Up@dawn 2.0

Wednesday, February 22, 2017

Section 8- Fahrenheit 451- A Glimpse at Book Burning and Other Horror

Hello, classmates and fellow heretics. My group chose to do our midterm report on Ray Bradbury’s Fahrenheit 451. We decided to choose this work because of all the recent political controversy that has ensued over reading books with the most recent being that our own president does not read books. With that being said, I would like to introduce my group’s central project theme: book burning.  

Image result for book burning photoIf one does not take away anything much from Bradbury’s 451, they will, at the very least, understand that this book is set in a dark, dystopian future in which firemen start fires to burn books instead of preventing fires to stop destruction. With this being said, it is only natural that we chose book burning as our central theme.  Furthermore, we chose to tie together this central theme with three characters taken from the book and how those characters relate to the main protagonist. Namely, we wanted to convey how these characters aided the protagonist, Guy Montag, in his personal growth as he comes to the realization of how he himself is and what his actions mean. By showing character growth, we, ourselves, can come to understand how burning books (or burning the past) may lead to our own destruction and added mistakes.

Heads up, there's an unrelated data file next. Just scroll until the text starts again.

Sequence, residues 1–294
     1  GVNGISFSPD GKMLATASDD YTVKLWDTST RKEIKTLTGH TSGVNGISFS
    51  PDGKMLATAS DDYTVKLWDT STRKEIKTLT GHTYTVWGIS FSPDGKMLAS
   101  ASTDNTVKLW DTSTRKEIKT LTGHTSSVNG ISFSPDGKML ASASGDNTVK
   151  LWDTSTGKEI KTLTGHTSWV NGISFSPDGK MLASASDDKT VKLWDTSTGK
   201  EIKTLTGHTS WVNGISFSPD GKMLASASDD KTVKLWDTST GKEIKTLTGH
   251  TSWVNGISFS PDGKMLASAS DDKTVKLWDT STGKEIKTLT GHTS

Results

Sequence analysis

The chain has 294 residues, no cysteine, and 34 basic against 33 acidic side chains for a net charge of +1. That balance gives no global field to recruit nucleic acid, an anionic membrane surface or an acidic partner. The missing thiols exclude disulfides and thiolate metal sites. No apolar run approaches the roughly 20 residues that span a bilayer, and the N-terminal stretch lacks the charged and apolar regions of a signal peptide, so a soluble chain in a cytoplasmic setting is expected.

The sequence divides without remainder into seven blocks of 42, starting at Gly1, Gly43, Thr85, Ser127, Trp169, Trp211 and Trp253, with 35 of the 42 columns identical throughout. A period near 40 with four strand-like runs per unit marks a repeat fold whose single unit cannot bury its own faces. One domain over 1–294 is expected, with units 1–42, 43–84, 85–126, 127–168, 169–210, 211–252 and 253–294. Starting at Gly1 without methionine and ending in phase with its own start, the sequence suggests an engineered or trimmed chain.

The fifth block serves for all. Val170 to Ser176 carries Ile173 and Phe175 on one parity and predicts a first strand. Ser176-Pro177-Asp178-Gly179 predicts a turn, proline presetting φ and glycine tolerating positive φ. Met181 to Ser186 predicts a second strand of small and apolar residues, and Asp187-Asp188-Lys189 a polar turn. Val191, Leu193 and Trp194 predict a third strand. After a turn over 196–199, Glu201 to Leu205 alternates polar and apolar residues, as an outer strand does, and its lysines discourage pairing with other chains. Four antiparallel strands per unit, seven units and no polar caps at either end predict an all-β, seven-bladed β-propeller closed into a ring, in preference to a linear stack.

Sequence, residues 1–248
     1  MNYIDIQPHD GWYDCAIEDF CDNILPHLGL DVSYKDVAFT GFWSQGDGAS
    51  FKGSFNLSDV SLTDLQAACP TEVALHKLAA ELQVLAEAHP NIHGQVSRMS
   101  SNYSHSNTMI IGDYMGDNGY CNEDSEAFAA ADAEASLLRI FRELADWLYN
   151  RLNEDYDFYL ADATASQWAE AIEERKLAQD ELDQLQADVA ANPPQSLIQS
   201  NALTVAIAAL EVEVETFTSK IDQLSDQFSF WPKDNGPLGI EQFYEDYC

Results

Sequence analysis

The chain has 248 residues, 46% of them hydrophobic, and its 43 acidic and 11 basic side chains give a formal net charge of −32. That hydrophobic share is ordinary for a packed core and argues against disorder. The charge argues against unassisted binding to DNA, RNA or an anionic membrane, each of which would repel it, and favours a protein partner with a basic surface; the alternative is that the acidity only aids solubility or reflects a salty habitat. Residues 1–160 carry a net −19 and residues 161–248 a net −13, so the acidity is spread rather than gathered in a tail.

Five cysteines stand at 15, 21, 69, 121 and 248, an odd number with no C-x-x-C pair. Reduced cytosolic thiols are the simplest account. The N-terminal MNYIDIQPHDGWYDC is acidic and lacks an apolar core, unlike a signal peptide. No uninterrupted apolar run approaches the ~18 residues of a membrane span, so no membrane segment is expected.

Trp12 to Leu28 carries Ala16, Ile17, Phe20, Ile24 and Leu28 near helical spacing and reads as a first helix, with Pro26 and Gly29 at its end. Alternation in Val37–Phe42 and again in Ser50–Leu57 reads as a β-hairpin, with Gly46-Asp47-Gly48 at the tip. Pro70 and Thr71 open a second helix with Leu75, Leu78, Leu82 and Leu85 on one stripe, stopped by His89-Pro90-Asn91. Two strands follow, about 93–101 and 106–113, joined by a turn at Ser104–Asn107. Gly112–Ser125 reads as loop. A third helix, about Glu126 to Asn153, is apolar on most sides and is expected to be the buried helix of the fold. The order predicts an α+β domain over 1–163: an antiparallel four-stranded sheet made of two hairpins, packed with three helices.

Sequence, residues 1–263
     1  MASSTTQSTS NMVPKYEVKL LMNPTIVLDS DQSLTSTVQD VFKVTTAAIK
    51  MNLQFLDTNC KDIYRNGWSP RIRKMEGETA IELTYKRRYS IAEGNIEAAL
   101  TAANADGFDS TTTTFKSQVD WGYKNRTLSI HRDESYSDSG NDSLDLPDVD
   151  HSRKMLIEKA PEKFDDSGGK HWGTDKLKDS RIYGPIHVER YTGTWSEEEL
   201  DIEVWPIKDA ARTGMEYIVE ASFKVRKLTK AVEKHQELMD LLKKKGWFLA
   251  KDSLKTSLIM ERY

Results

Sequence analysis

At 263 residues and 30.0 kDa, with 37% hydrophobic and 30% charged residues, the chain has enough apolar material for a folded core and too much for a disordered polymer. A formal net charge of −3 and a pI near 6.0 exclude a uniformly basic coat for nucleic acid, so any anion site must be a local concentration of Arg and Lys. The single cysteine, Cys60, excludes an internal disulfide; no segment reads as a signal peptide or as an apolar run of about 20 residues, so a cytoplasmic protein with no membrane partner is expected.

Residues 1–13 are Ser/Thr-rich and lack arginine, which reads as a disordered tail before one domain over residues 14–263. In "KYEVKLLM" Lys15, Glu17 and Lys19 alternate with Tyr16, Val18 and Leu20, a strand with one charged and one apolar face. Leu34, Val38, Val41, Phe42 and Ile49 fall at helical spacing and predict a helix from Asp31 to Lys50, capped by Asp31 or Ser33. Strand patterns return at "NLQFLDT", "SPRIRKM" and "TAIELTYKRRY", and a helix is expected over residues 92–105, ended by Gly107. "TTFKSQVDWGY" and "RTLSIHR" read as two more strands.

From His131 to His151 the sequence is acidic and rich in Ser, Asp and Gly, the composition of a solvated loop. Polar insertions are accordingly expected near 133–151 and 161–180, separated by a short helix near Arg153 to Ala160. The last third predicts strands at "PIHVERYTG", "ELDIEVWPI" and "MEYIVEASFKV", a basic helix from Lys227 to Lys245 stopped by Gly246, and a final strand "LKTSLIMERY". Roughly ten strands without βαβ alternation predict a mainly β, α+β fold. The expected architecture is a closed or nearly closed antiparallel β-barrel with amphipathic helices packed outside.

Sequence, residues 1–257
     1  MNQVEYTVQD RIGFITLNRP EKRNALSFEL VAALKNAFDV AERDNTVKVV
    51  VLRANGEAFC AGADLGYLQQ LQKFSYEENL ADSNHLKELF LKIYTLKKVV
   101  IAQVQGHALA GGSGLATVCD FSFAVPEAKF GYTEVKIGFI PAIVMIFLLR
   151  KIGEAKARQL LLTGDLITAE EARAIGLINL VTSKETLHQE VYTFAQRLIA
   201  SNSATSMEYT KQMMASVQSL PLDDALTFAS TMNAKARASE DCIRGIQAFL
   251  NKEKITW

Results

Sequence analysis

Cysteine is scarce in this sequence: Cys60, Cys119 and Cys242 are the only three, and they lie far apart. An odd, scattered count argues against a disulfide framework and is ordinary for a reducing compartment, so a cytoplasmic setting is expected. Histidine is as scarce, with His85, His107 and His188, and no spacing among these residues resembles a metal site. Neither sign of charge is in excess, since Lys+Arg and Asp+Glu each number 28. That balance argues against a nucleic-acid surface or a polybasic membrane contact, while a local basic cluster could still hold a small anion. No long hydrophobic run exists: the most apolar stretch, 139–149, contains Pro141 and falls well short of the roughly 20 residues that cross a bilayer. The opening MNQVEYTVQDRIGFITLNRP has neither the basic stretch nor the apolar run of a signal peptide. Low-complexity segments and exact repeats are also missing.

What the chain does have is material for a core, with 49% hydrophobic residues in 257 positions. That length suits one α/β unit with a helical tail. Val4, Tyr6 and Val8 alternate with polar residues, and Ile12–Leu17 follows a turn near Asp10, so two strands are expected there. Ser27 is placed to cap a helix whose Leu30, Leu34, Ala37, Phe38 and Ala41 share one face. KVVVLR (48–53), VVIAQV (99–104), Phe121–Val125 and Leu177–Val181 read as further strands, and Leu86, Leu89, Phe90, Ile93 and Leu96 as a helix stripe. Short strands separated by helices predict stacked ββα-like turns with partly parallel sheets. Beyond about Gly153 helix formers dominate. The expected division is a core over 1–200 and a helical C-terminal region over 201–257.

To go along with the theme of three, our presentation is split into three sections: Clarisse McClellan ("Censorship"), Captain Beatty ("Book Burning"/"Change"), and Faber ("Enlightenment").  The questions for each section will be split up at the end.

Tuesday, February 21, 2017

The Philosophy of Walking. Chapters 1, 2, 4, 7, 9, 12, & 19.

*Quiz Questions come from each chapter shown above*

Quiz Questions

  1. Walking is not a what?
  2. What kind of freedom happens by walking?
  3. Outside is a transition; what does it separate?
  4. What was Rousseau claimed to be? 
  5. What is the first energy you feel when walking? 
  6. Why is Outside no longer a transition? 

Discussion Questions

  1. Which philosophy of walking did you find most interesting?
  2. Do you think philosophies of walking can change/new over time?
  3. Do you agree, like many philosophers, that walking in solitude is the best form of walking?
  4. As mentioned in chapter one, Frederic Gros says that walking is not a sport. Do you agree in fact, that walking is not a sport? 

Darren Sirikoun
Section #10